Epiphany Trust’s work in Sri Lanka started in 2000 with support for a special school for children with learning disabilities in Welimada, in the tea plantation region. Boosted by the Trust’s appeal for the victims on the December 2004 tsunami 2005 saw the establishment of Child Action Lanka the Trust’s ‘in country’ partner. Two containers were sent to the devastated coastline areas. Goods included school equipment donated by local schools and colleges, disability aids, and a mobile dental surgery. Liverpool City Council, through their pay-role giving scheme provided 2 Green Goddess Fire Engines and the funding for over 100 Micro credit projects. Starter businesses were established for the poorest members of the community, including a dairy farm to provide a ready milk supply. Mothers of the street children were encouraged to set up small cottage industries by the grants/loans afforded to them, many of which are still trading today.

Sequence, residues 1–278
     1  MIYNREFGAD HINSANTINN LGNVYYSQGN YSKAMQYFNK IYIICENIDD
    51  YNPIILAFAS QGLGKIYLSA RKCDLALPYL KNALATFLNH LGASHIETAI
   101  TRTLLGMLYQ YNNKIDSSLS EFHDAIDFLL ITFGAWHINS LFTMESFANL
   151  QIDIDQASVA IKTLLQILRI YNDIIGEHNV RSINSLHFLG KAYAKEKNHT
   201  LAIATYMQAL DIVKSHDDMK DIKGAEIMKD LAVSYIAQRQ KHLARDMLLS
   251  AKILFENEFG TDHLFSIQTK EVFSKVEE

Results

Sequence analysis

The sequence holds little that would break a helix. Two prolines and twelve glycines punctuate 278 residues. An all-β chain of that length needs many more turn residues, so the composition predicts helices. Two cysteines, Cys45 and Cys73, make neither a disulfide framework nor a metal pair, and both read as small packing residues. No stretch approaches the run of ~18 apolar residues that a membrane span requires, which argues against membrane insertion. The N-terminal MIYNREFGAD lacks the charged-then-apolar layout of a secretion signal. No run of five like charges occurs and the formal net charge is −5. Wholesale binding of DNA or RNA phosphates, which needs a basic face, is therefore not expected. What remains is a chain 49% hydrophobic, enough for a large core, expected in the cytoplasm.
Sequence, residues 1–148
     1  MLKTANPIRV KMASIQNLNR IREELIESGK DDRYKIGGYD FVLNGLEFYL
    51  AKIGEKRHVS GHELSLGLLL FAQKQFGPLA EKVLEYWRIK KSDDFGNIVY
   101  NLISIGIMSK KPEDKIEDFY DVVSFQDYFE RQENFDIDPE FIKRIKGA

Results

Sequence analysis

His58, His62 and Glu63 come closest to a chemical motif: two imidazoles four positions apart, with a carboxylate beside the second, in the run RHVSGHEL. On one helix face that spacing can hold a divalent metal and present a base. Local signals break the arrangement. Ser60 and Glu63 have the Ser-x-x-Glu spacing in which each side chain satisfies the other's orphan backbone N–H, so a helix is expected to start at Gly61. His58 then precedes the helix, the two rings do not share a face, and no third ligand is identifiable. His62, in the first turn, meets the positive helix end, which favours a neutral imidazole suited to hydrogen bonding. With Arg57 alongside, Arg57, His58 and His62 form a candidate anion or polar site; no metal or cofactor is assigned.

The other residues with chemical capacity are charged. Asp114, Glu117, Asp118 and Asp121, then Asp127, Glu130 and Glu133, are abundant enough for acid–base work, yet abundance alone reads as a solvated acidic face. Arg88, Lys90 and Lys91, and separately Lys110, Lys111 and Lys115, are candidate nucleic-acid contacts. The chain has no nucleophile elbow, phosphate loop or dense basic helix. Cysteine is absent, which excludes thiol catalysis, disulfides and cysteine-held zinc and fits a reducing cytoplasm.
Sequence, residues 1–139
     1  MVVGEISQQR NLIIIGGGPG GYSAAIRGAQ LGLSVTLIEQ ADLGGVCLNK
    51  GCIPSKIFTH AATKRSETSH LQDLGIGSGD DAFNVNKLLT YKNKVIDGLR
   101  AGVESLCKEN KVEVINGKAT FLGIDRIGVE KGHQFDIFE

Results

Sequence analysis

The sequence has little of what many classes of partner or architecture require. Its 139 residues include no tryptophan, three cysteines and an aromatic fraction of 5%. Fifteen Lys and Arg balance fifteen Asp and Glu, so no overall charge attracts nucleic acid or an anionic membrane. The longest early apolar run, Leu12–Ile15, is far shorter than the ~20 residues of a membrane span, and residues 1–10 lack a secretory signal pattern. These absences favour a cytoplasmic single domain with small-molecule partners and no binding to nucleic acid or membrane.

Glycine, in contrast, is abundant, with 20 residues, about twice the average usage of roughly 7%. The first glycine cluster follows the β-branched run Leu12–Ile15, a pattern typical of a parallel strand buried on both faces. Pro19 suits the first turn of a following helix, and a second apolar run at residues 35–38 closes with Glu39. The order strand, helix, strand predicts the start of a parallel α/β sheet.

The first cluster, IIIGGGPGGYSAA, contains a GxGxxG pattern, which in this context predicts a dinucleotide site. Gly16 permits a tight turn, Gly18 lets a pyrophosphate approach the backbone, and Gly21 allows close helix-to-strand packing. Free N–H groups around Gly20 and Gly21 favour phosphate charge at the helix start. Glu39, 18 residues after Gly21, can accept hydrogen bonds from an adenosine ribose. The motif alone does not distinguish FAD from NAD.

After more than 25 years, and 70,000 deaths, the civil war ended in June 2009, when government forces seized the last area controlled by the LTTE (Tamil Tigers). Since then opportunities have opened up for Child Action Lanka to work amongst children and young people who have suffered deprivation, loss and trauma as a result of the war. In 2012 two new projects started in the war devastated towns of Kilinochchi in the north and Batticaloa on the east coast.
Deborah Edirisinghe has presided over a number of remarkable initiatives amongst some of the poorest and most disadvantaged communities in Sri Lanka. Her mission has been to empower the street community through child care and education, housing, health, micro credit programmes, vocational and other training, creating self sufficiency and independence.
|Child Action Lanka empower the next generation through education so that they do not have to live on the streets. CAL is now operating across 7 counties in Sri Lanka and supporting around 2,000 children on a daily basis. This provision includes a pre-school for the children of tea pickers in the Hill country, supporting child victims of the civil war in the north of the country and financing a school for children with profound disabilities. See www.childactionlanka.org.|